California X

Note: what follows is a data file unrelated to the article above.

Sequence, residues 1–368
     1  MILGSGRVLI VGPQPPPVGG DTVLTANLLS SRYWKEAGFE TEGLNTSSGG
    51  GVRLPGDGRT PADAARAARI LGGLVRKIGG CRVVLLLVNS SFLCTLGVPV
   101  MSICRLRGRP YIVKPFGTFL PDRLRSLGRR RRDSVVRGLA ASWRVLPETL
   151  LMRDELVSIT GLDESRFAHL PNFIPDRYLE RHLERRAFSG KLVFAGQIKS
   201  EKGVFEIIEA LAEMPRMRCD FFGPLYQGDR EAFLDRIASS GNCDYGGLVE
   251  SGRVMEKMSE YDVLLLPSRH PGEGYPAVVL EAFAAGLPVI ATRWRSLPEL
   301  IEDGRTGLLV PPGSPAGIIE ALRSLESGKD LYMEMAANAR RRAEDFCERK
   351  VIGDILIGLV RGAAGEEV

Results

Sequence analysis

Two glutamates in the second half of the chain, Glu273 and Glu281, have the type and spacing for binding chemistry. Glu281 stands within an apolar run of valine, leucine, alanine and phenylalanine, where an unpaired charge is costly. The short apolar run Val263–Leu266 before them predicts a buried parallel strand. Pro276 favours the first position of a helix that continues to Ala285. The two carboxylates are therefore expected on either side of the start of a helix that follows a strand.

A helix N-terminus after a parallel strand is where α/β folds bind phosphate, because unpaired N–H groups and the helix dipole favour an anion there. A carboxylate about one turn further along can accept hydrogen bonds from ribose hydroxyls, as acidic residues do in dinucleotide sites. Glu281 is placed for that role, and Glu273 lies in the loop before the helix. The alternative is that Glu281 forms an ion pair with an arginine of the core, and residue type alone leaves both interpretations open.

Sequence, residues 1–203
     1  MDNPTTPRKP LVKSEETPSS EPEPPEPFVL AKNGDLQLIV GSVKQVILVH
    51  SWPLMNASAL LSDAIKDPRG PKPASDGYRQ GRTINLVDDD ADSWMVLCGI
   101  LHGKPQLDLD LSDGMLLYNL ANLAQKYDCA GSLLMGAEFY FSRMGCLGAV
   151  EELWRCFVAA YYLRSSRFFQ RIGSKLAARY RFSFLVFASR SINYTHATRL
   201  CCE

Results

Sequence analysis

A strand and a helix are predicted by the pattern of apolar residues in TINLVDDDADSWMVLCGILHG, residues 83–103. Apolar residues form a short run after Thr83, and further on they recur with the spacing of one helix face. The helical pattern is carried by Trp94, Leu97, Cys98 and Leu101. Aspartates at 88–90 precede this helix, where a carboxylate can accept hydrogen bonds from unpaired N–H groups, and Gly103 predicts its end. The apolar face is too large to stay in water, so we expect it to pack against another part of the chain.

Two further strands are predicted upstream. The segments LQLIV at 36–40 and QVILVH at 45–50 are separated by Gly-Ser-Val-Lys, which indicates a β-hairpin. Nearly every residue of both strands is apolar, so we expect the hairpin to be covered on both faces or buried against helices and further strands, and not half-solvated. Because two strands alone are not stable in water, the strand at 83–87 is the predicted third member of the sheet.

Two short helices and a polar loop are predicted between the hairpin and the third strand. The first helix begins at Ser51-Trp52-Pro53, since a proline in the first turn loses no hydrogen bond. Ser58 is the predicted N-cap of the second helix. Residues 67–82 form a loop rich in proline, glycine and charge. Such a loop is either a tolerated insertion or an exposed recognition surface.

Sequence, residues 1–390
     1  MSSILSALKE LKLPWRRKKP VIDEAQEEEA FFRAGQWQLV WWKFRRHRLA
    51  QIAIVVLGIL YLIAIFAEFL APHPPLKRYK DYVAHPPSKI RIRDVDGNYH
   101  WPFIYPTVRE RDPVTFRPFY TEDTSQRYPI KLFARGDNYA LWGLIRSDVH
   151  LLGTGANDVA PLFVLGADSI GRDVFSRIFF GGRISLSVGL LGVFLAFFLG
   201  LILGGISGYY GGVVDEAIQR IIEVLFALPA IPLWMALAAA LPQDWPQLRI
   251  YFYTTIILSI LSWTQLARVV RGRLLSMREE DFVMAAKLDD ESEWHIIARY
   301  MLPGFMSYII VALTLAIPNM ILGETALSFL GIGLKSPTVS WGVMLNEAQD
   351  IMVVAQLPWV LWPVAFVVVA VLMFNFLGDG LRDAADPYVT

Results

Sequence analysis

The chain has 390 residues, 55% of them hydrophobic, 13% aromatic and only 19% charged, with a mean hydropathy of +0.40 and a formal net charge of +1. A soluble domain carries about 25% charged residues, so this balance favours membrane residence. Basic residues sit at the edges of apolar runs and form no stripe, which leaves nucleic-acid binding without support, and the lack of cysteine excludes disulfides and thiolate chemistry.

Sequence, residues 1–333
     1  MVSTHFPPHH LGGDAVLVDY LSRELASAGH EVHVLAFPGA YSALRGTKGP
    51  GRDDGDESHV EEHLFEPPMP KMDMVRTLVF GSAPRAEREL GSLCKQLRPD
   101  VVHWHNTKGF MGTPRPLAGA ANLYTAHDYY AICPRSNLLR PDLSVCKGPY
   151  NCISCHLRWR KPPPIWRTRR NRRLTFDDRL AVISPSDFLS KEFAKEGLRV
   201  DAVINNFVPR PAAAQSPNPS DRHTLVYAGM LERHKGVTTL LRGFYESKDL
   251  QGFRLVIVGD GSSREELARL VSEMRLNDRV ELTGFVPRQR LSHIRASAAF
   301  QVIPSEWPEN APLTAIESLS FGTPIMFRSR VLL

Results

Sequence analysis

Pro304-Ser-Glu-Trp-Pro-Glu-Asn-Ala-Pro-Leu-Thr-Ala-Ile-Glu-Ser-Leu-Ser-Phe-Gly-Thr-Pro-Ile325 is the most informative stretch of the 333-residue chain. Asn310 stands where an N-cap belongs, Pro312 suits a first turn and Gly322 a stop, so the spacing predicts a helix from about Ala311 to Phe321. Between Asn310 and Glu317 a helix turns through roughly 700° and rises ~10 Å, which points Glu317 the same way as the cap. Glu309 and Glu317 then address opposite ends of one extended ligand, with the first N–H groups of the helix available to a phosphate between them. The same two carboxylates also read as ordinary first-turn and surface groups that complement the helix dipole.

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California X are a 3 piece trio from Amherst, Mass, the same hometown as one J. Mascis. And while there are some similarities to the guitar driven, riff heaviness of Dinosaur Jr, California X shines through with their own identity. The album is their eponymous debut, and while it may not be groundbreaking or wildly creative, it is a fun, rollicking ride. “Sucker” starts the album off with a couple of heavy distorted guitar strums and a vicious drum beat. Then comes the addictive guitar riff.  It is a fantastic opener, and gives you a precursor to the energy and passion this crew possesses. “Pond Rot” lives up to its name with sludgy, mucky and distorted guitars.  There are a couple of Dino Jr-esque riffs thrown in for good measure.  The surf rock side of Cali X comes in to play with “Hot Hed.”  Let’s face it, there are chunks of garage rock here, a couple slabs of grunge there, a plethora of guitar driven rock genres are put into the mix. Some of the more recent bands that fall into this category are The Men and Yuck, but Yuck bring out the nostalgia a little more with their 90’s indie rock sound, and The Men are more indebted to the post-hardcore sound. Regardless though, if you are a fan of bands that like to wield their axes and put guitar distortion front and center, California X is an album you will enjoy immensely. I have found myself going back to this album more than any other so far in this early 2013. It’s cool. It’s fun. But more importantly, it has a feeling of youthful vibrance and an air of confidence. Frontman Lemmy Gurtowsky plays the guitar with a purpose and shreds through riff after riff.  This is put into effect front and center with the song that bears his name, “Lemmy’s World.” The album ends with a great fist-pumping guitar solo on “Mummy” while leaving you with a smile on your face and craving more. California X has a bright future and this is a great opening statement for Lemmy and the boys. Was it a game changer? No. Did it pull any new tricks out of the bag. Not really. But an album like this doesn’t really need to. It has enough firepower and grit in its 33 minutes to give you the adrenaline rush that you’ve been looking for.